Antibiotics in Endodontics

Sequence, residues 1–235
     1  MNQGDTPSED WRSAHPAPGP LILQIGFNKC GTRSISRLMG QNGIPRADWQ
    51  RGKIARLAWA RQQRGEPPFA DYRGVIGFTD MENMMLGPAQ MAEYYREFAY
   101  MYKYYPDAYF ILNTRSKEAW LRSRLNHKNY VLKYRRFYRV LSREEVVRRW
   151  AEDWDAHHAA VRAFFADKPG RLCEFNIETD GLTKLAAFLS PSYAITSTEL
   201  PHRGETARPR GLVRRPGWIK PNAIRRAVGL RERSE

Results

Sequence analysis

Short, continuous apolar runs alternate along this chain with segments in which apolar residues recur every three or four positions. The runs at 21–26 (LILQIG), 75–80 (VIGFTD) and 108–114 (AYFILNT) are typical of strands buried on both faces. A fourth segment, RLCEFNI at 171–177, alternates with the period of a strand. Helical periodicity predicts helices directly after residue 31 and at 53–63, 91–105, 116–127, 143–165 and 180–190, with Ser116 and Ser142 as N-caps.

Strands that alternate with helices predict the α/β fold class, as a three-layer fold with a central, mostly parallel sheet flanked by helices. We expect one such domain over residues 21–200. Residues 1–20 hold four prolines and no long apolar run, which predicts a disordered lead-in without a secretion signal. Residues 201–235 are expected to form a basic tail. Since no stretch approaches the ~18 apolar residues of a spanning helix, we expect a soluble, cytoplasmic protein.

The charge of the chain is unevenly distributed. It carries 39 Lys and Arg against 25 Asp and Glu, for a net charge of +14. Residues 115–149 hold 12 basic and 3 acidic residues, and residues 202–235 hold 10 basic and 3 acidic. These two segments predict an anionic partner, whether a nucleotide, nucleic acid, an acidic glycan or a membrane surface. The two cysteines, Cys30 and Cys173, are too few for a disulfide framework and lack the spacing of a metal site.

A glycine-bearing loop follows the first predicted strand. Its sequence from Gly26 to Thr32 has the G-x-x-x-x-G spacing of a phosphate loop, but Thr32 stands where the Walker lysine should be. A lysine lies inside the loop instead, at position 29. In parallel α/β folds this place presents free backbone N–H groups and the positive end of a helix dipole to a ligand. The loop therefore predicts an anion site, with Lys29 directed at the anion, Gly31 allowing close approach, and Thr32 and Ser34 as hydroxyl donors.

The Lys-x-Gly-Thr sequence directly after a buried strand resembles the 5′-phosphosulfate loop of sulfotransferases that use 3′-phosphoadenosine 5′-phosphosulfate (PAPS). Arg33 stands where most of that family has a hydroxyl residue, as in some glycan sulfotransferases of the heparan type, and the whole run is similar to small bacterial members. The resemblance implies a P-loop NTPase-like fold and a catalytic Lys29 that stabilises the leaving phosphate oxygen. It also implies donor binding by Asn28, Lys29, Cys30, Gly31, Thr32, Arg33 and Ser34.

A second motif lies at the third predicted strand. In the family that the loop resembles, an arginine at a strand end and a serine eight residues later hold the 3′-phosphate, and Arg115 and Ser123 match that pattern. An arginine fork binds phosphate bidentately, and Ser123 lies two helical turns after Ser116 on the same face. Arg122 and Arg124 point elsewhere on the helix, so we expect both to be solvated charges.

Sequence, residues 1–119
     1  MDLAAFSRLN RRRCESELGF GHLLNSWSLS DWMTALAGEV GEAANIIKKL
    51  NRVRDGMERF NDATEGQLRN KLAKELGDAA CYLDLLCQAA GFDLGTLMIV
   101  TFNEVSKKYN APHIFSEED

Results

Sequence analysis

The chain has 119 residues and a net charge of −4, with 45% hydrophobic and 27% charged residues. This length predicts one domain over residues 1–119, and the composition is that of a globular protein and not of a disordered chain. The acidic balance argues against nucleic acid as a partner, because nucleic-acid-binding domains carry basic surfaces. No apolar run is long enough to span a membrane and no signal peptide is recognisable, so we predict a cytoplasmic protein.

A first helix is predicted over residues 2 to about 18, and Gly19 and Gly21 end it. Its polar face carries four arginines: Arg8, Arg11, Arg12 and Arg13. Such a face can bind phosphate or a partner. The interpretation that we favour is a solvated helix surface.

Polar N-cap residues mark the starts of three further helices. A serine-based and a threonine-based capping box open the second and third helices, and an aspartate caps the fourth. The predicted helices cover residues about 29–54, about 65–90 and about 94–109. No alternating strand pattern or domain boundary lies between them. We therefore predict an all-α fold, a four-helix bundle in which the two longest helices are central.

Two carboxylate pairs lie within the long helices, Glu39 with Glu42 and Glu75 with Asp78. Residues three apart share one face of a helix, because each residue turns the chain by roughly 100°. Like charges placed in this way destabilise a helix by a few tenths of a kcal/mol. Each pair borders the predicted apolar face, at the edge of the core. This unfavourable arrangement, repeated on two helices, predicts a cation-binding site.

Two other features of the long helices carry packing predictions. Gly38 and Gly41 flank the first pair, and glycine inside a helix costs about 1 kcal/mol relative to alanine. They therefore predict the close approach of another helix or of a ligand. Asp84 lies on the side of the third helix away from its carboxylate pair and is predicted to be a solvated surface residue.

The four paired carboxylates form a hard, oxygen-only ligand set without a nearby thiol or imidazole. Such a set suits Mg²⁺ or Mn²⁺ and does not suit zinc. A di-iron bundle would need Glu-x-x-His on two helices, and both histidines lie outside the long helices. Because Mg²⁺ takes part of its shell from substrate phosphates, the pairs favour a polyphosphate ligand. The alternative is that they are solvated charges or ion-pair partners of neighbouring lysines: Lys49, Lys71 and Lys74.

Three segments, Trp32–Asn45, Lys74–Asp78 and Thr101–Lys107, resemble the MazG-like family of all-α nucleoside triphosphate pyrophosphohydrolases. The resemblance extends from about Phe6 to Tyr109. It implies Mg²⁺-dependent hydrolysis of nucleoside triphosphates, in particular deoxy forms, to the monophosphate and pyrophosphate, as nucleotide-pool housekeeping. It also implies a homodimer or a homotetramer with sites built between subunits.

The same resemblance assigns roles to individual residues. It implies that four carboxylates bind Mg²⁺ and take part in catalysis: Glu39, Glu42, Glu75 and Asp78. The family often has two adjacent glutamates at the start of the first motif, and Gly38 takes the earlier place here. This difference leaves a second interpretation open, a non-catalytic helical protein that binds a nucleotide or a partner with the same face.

The widespread use of antibiotics presumably cause antibiotic‐resistant bacterial strains. This is also important in terms of the oral microbiota and the use of antibiotics to deal with oral and dental infections. The aim of this speech is to review the current literature on the indications and contraindications use of antibiotics and give some recommendations to endodontists for prevent overuse of antibiotics. Endodontic infections, resulting in pulpitis, apical periodontitis or apical abscess, are polymicrobial, involving a combination of gram-positive, gram-negative, facultative anaerobes and strict anaerobic bacteria. Most endodontic infections are confined within the tooth and can be successfully managed by root canal treatment. Antibiotics are unnecessary in irreversible pulpitis, necrotic pulps and localized acute apical abscesses. However, when there is systemic involvement and rapid, and diffuse spread of infection, antibiotics may be used as an adjunct to root canal treatment. The use of topical antibiotics during root canal treatment is not supported by the evidence. Prevention of bacterial contamination in traumatic injuries especially avulsion affects the prognosis of the affected teeth. Current guidelines recommend systemic antibiotic therapy for patients with avulsion of a permanent tooth, which is replanted. For the other traumatic injuries, such as fracture or luxation injuries, antibiotic administration does not necessary. In healthy individuals, any bacteraemia generated by endodontic treatments are rapidly scavenged and cause no complications, but antibiotics should be prescribed in patients having systemic diseases with compromised immunity or patients with infective endocarditis, prosthetic cardiac valves or recent prosthetic joint replacement.